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A fall 'twindemic'? As US nears 200,000 coronavirus deaths, experts fear COVID-19, flu may be a deadly combo

the University of California-Berkeley
the Centers for Disease Control and Prevention
The University of Alabama
New York Times
UC-San Francisco
the Federal Drug Administration
the FDA.Barbara Koenig
the University of Washington’s
Institute for Health Metrics and Evaluation
the White House

Julita Mir
John Swartzberg
Donald Trump
Robert Redfield
George Rutherford
Anthony Fauci
Deborah Birx
Matt Lambert


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San Francisco
Washington, D.C.

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Positivity     42.00%   
   Negativity   58.00%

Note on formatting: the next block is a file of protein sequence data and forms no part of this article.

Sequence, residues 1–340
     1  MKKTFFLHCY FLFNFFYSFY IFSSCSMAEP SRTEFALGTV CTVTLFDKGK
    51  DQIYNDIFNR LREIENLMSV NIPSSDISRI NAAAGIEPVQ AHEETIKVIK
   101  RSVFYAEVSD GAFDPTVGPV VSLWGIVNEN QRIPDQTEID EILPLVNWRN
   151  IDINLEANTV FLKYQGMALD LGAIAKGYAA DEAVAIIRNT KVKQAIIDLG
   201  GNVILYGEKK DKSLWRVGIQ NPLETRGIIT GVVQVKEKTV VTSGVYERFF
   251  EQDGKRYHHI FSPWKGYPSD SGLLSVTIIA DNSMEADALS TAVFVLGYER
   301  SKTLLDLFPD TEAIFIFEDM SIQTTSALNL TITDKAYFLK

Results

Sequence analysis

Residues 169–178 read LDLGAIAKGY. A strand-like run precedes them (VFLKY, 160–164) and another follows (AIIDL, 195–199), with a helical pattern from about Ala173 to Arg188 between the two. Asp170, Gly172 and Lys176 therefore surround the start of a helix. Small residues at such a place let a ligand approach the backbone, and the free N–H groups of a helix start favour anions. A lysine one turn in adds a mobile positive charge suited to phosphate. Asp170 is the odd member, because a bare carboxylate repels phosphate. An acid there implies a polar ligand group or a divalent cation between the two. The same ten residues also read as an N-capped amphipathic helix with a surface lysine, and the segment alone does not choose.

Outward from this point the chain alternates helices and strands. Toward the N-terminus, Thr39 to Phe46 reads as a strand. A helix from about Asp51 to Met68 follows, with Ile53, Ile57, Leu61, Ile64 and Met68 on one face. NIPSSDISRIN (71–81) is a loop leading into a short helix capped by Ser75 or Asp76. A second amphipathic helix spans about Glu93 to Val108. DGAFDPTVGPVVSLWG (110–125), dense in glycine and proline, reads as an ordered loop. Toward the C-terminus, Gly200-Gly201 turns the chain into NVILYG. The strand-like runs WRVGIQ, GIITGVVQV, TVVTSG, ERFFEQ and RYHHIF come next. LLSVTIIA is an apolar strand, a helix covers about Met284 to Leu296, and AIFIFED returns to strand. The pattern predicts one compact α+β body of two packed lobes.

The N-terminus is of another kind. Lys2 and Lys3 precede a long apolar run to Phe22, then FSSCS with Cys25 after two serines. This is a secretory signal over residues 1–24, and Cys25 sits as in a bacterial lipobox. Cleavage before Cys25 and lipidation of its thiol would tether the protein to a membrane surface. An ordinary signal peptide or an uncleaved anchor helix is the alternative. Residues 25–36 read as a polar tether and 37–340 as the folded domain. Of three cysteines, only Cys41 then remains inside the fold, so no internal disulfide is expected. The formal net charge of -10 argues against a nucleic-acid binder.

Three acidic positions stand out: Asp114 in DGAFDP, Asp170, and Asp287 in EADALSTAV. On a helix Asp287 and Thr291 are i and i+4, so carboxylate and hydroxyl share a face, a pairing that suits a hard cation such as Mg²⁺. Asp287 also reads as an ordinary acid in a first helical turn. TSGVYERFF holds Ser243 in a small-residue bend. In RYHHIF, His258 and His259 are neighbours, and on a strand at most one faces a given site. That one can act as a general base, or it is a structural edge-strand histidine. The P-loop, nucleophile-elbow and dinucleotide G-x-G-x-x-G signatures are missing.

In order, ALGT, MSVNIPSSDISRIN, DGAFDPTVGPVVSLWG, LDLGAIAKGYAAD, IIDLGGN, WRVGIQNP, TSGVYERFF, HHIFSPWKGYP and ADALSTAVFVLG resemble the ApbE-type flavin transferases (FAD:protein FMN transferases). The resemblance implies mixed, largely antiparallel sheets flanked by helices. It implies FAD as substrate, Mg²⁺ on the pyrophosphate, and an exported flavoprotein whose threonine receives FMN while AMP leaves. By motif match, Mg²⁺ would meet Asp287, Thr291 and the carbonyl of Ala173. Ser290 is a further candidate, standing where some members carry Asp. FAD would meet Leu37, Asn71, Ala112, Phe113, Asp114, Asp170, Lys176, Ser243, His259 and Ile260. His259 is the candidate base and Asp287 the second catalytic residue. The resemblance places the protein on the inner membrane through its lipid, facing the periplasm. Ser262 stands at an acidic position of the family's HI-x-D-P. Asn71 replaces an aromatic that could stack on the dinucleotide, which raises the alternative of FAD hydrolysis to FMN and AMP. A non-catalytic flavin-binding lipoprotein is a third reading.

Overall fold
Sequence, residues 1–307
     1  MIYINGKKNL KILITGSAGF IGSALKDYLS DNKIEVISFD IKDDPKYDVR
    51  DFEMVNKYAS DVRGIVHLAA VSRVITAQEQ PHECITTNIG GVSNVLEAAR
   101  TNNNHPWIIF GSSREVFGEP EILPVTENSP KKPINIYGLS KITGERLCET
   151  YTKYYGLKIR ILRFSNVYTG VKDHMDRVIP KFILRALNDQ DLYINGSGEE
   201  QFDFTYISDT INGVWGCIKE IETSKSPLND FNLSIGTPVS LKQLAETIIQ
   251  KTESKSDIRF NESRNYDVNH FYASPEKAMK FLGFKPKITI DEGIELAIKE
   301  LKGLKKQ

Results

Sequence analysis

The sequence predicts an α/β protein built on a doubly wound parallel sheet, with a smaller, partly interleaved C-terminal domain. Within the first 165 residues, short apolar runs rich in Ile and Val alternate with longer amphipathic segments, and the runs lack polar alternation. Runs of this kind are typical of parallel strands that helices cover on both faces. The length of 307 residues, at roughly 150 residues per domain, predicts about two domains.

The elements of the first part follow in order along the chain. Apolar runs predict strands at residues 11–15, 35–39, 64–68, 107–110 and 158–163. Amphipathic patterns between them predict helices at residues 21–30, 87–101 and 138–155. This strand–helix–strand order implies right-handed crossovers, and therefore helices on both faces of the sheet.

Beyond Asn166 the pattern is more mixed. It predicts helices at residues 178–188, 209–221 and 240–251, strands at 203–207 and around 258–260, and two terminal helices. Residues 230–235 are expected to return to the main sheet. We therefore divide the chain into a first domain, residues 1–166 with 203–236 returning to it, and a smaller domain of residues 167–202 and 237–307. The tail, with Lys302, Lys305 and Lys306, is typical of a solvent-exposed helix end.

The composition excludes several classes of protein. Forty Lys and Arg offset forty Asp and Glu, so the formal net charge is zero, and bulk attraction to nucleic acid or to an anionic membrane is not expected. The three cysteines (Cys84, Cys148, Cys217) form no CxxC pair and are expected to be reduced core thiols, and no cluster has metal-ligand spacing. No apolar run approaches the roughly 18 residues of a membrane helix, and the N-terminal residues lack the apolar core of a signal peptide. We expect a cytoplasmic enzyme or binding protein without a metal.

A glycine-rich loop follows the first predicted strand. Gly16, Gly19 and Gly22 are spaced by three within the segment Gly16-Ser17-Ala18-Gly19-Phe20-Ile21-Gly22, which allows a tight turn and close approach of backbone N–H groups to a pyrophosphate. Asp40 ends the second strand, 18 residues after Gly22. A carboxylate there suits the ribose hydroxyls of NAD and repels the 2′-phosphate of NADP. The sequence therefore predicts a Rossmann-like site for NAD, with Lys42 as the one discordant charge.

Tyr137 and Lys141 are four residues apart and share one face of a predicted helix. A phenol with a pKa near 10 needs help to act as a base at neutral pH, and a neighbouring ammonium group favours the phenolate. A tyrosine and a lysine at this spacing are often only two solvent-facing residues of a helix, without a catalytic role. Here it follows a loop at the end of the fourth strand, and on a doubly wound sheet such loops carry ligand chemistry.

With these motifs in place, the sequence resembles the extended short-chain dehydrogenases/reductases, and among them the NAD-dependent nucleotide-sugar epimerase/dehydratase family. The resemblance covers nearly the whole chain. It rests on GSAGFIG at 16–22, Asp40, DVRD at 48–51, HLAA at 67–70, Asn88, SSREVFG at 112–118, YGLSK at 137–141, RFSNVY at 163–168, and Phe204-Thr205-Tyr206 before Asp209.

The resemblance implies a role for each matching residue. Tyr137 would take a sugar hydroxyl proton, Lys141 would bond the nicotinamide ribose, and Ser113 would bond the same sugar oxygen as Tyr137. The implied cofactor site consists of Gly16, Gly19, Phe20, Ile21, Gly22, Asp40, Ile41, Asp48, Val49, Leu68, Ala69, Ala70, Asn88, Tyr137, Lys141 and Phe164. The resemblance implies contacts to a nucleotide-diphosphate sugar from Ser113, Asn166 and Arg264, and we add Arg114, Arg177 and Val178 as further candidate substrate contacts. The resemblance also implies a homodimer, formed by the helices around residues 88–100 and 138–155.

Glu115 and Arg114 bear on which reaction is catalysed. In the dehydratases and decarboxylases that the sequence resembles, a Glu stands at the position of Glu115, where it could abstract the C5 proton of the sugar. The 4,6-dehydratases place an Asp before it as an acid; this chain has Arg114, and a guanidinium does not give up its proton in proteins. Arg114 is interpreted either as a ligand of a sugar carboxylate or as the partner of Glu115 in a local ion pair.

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Mir also knows of people taking Tylenol before a temperature check so they can pass and get the OK to work that day.But as the U.S. approaches 200,000 deaths from COVID-19, more than any other country, what really troubles Mir is not so much what she has seen but what she envisions for the upcoming months as a combination of factors threatens to negate recent gains – and result in a deadly fall.“My main fear is we will see cases of maybe influenza, maybe COVID, maybe some of the other respiratory viruses,’’ Mir said, “and because rapid testing is not available on a widespread basis, we will be in front of the people and we won’t know what they have.’’Many in the medical community share her concerns.The return of students to schools and colleges amid the coronavirus prevalence, mixed with the approaching flu season and easing of restrictions after a second round of tightening, makes for a worrisome scenario for public health specialists.Coronavirus toll:Pandemic likely to leave legacy of fear and uncertainty that holds back economy for decadesIn California, which has the most people and COVID-19 cases of any state, the daunting challenges ahead may be further complicated by the smoke-filled air from an already hyperactive fire season that still has two months to go.Dr. John Swartzberg, professor emeritus of infectious diseases and vaccinology at the University of California-Berkeley, said he expects the current national trend of decreased coronavirus-related deaths to continue through September, but then pick up gradually in October and even more so in November. Dr. George Rutherford, an infectious disease specialist at UC-San Francisco who heads California’s contact tracing program, calls middle schools, high schools and universities “big incubators of COVID-19,’’ pointing out they have been the sources of massive outbreaks in other parts of the world.Given the early results in the U.S., the prospects for the coming months are not encouraging.“To have the fate of the western world resting in the hands of 12- to 22-year-olds, it’s a little scary,’’ Rutherford said.However, Rutherford finds a sign of hope in reports out of Australia, whose flu season precedes and often serves as a harbinger for the one in the U.S. Australia’s winter concluded Aug. 31, and Rutherford said the country of 25 million experienced its mildest flu season in five years.There might be other reasons at play too, but it appears measures taken to keep the coronavirus at bay were a contributing factor.“The smart money says there’s been much less circulation of influenza in Australia over this winter and it may well be a secondary effect of increasing respiratory precautions, like wearing masks and social distancing,’’ Rutherford said.What you should know about flu shots:It's crucial to get a flu shot this year amid the coronavirus pandemic, doctors sayThe Australian government also launched an aggressive immunization campaign, increasing the number of flu vaccines it secured from 13.2 million in 2019 to 18 million and promoting the free shots. Redfield told WebMD last month that the CDC has procured an extra 10 million doses and he’s hoping 65% of Americans will get the vaccine, thereby blunting the impact of the flu coinciding with COVID-19.Mir, the infectious disease doctor in Boston, said many families have failed to come in to have their children vaccinated this year out of fear of being exposed to the coronavirus.She has also heard of pushback against a COVID vaccine once it’s available, which is consistent with a Gallup poll released Aug. 7 that showed 35% of Americans would not get the vaccine even if it were free and approved by the Federal Drug Administration.Vaccine rejection has become a major issue for public health officials, part of what Dr. Anthony Fauci, the nation’s top infectious disease specialist, has referred to as an “anti-science bias.’’ The problem may have been exacerbated by increasing evidence of political pressure on the CDC and the FDA.Barbara Koenig, a bioethics expert at UC-San Francisco who served on the advisory committee to the CDC’s director, notes that there’s a social dimension to the pandemic response that’s reflected in the public’s attitudes toward wearing face masks, maintaining social distance and accepting vaccinations.“In some cases the idea that freedom is the most important value is very, very powerful,’’ Koenig said.

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